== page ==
A 47-year-old female of Greek origin presented to the Wills Eye emergency room with a one-month history of slowly progressive blurring of her vision in the left eye. Her symptoms were most prominent while reading or using the computer. She denied previous trauma or previous episodes of vision loss.

Medical History

The patient denied any previous medical or ocular history or any medication use. She had had a recent physical examination, which had been unremarkable, and blood work, including creatinine and BUN, which was within normal limits. She was unsure of her ophthalmic family history.


Her examination in the Wills Eye emergency room revealed a corrected visual acuity of 20/25 OD and 20/80 OS with no improvement with pinhole. Her pupils were round, equal, briskly reactive and without a relative afferent pupillary defect. Extraocular motility and confrontational visual fields were full in both eyes. Intraocular pressures were 15 mmHg OD and 12 mmHg OS by applanation tonometry. Amsler grid testing was within normal limits OD, but she noted central metamorphopsia OS. Color plates were full in both eyes. Slit-lamp examination of the lids, conjunctiva and anterior segment were within normal limits in both eyes except for trace nuclear sclerotic cataracts bilaterally.

Dilated fundus exam of the left eye (See Figure 1a) revealed clear media with a healthy-appearing disc and vessels. Numerous sharply defined, round, white subretinal lesions were noted throughout the posterior pole, extending nasally to the disc. In the macula, these lesions were confluent. The retinal pigment epithelium also appeared slightly atrophic. A blunted foveal reflex and subretinal hemorrhage were also noted. Dilated fundus exam of the right eye (See Figure 1b) revealed symmetric findings, although the foveal reflex on the right was sharp. Dilated fundus exam of the patient's 18-year-old daughter was within normal limits. No other family members were available for examination.


Diagnosis and Workup and Treatment


Fluorescein angiography was performed and revealed normal choroidal flush and arterial filling with areas of staining hyperfluoresence consistent with drusen. Leaking hyperfluoresence in the macula consistent with an occult choroidal neovascular membrane was also seen (See Figures 2a and 2b).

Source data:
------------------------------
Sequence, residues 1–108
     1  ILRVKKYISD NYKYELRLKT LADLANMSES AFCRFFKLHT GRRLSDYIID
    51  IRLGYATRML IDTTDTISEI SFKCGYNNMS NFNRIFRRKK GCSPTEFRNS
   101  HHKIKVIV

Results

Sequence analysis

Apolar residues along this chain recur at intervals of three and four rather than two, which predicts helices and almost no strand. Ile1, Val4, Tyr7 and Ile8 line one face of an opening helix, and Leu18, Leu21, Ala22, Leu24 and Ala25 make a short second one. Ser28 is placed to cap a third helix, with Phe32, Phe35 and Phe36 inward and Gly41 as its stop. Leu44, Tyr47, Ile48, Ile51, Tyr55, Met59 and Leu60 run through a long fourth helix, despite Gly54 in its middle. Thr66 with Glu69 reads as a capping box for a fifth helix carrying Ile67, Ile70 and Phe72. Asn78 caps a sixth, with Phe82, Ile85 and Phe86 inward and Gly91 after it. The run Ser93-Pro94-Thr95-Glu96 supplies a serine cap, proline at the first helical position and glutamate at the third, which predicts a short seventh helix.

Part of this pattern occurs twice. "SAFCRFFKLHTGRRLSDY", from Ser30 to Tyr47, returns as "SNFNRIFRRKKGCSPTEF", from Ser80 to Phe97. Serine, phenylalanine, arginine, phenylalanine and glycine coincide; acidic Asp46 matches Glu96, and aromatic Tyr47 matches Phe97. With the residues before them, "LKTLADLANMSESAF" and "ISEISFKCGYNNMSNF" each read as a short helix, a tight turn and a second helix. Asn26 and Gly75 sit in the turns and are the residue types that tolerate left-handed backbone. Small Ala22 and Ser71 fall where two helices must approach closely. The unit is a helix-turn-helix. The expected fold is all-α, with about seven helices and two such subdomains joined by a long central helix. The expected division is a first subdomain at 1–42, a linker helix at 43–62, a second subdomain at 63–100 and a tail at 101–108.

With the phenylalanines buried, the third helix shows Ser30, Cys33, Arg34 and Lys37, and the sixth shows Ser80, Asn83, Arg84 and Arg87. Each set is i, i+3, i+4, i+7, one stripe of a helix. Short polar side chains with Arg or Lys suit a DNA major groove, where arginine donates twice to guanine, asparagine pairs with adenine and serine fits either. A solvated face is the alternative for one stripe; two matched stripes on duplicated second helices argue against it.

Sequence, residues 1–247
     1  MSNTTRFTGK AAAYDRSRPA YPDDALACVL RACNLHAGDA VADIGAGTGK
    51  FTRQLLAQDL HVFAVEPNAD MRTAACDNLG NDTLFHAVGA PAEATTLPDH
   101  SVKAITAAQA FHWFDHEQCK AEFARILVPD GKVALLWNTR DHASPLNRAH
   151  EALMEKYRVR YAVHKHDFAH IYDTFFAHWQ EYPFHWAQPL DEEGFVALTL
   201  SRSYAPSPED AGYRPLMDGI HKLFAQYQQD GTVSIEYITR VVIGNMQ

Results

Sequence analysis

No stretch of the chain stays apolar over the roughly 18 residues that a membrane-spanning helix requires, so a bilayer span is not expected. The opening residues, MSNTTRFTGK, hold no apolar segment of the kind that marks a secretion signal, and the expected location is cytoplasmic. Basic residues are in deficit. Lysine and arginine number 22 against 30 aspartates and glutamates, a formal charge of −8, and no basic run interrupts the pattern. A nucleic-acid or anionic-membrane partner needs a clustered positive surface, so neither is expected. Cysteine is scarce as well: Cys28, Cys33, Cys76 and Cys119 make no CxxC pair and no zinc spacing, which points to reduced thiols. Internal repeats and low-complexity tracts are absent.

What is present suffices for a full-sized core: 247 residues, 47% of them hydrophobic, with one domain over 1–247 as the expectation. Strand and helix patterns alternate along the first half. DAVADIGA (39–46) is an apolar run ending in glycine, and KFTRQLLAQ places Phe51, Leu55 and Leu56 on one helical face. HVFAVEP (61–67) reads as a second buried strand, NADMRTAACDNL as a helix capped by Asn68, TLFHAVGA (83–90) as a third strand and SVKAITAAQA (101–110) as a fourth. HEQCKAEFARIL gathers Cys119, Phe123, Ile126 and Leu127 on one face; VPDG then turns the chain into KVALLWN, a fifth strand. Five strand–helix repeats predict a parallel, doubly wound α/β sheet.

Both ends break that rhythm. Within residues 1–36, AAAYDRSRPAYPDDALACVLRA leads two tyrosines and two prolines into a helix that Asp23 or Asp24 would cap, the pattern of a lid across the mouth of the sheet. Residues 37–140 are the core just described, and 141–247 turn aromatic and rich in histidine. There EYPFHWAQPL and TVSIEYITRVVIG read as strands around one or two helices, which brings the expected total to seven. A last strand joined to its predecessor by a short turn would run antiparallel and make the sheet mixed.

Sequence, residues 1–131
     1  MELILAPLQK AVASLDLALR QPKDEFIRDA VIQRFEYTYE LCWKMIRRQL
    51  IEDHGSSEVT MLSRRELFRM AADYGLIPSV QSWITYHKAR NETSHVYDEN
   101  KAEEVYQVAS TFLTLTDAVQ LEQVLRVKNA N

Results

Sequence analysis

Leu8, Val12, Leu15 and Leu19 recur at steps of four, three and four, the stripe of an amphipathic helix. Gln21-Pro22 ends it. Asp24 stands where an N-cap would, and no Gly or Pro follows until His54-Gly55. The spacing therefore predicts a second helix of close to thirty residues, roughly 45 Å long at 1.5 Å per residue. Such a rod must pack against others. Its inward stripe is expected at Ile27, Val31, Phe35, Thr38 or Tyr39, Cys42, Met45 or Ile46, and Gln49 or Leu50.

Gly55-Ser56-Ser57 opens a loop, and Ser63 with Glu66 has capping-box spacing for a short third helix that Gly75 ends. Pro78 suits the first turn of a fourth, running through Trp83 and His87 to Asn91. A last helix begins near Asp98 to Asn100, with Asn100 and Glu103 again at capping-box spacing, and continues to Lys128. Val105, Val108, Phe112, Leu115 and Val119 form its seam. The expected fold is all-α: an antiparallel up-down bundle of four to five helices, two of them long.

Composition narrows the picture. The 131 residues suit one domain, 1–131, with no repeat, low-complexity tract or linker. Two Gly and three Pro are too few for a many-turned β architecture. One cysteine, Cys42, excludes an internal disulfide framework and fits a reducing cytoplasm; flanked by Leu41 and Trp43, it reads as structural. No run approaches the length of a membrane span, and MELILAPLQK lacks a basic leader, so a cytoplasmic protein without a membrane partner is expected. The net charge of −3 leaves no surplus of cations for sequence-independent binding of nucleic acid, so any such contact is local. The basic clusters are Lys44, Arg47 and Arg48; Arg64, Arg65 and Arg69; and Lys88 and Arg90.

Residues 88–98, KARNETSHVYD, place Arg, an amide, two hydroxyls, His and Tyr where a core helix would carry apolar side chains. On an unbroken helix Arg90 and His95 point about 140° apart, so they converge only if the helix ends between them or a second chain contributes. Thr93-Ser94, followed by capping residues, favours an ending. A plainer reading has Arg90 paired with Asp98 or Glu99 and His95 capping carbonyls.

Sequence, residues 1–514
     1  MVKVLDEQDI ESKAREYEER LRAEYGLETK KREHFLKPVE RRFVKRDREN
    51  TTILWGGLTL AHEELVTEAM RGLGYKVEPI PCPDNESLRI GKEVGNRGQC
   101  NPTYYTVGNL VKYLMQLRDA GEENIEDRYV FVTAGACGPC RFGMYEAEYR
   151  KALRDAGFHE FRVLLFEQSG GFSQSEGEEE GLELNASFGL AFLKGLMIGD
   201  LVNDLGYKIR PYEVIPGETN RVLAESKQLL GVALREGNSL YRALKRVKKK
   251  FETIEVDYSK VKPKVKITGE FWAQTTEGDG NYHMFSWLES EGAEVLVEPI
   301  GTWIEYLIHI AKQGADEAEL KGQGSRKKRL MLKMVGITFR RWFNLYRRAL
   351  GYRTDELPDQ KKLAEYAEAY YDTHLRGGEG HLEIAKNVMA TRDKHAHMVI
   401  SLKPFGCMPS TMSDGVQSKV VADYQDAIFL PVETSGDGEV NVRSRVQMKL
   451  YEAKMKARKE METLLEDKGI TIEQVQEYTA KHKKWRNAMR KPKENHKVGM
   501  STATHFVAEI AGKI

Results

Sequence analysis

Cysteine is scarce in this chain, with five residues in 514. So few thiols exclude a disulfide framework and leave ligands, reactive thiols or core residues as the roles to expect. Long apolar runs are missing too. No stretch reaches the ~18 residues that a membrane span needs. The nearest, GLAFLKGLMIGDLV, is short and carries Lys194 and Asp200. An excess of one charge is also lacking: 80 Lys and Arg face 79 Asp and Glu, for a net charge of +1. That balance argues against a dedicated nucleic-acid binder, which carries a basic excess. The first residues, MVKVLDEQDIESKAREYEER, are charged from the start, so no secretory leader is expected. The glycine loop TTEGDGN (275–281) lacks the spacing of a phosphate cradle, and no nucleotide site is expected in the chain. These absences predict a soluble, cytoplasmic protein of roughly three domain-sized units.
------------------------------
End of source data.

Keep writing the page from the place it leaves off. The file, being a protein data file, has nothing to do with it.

The arrangement, appearance and symmetry of the drusen in this patient are consistent with dominant drusen syndrome. The FA revealed an occult CNVM in the left eye that was treated with intravitreal bevacizumab. Upon follow-up six weeks later, the patient's vision in the left eye had improved to 20/50.




The differential diagnosis of degenerative drusen includes exudative age-related macular degeneration and membranoproliferative glomerulonephritis type II. Inherited drusen syndromes also have this general fundus appearance. Retinal "fleck" disorders, including fundus flavimaculatus, fundus albipunctatus, multifocal best disease and fleck retina with congenital hemeralopia, are also included in the differential. White flecks may be seen in white-dot syndromes and disseminated choroiditis.

Robert Doyne described dominant drusen in 1899 in patients living in Oxford, England. Alfred Vogt later described a similar appearance in families of the Leventine Valley of Switzerland. It is an autosomal dominant hyaline dystrophy known as Doyne's honeycomb dystrophy, Malattia Leventinese, Hutchinson-Tay choroiditis, or Holthouse-Battern superficial choroiditis. These terms are considered synonymous, although Malattia Leventinese and Doyne's honeycomb dystrophy can be distinguished by clinical exam. Doyne's honeycomb dystrophy occurs when the drusen are peripapillary while the term Malattia Leventinese is used for cases where the drusen run in radial streaks from the fovea.

Dominant drusen can be distinguished from typical AMD by fundus appearance. In dominant drusen, the drusen cover the posterior pole, extending nasally to the disc, often in a radial, mosaic or honeycomb pattern. The lesions closer to the fovea tend to be larger and coalesce with age. The appearance is often symmetric between the two eyes.

The drusen are often visible by ophthalmoscopy between ages 20 and 30, although the patient with dominant drusen syndrome usually does not present with symptoms until after age 40. The most common presenting symptoms are painless decrease in vision and metamorphopsia. As in this case, the patient's symptoms may also be secondary to a CNVM.

Ancillary testing may be helpful in the diagnosis of dominant drusen. Fluorescein angiography reveals multiple sharply defined hyperfluorescent lesions that do not perfectly correspond to the ophthalmoscopic appearance. Larger drusen and those located around the disc show autofluorescence. Optical coherence tomography shows thickening of the RPE-Bruch's membrane complex with preservation of the neurosensory retina. Electroretinography and electro-oculography are within normal limits except in advanced cases.

A single missense mutation (arg345trp) on exon 10 in the EFEMP1 gene of patients with dominant drusen results in a fibrillin-like extracellular matrix protein expressed in the retinal pigment epithelium and retina. This mutation is found in both Malattia Leventinese and Doyne's honeycomb dystrophy. Phenotypic variation of family members with the EFEMP1 mutation is also significant. These factors have led to the determination that other genetic and environmental modulators are important in the pathogenesis. Individuals with clinical dominant drusen but without the genetic mutation have been identified.

The long-term prognosis in this case is unknown, as intravitreal bevacizumab for treatment of CNVM in dominant drusen has not, to our knowledge, been previously reported. 


Dr. Ehrlich would like to thank Richard Kaiser, MD, of the Retina Service at Wills Eye Institute for his assistance with this case.


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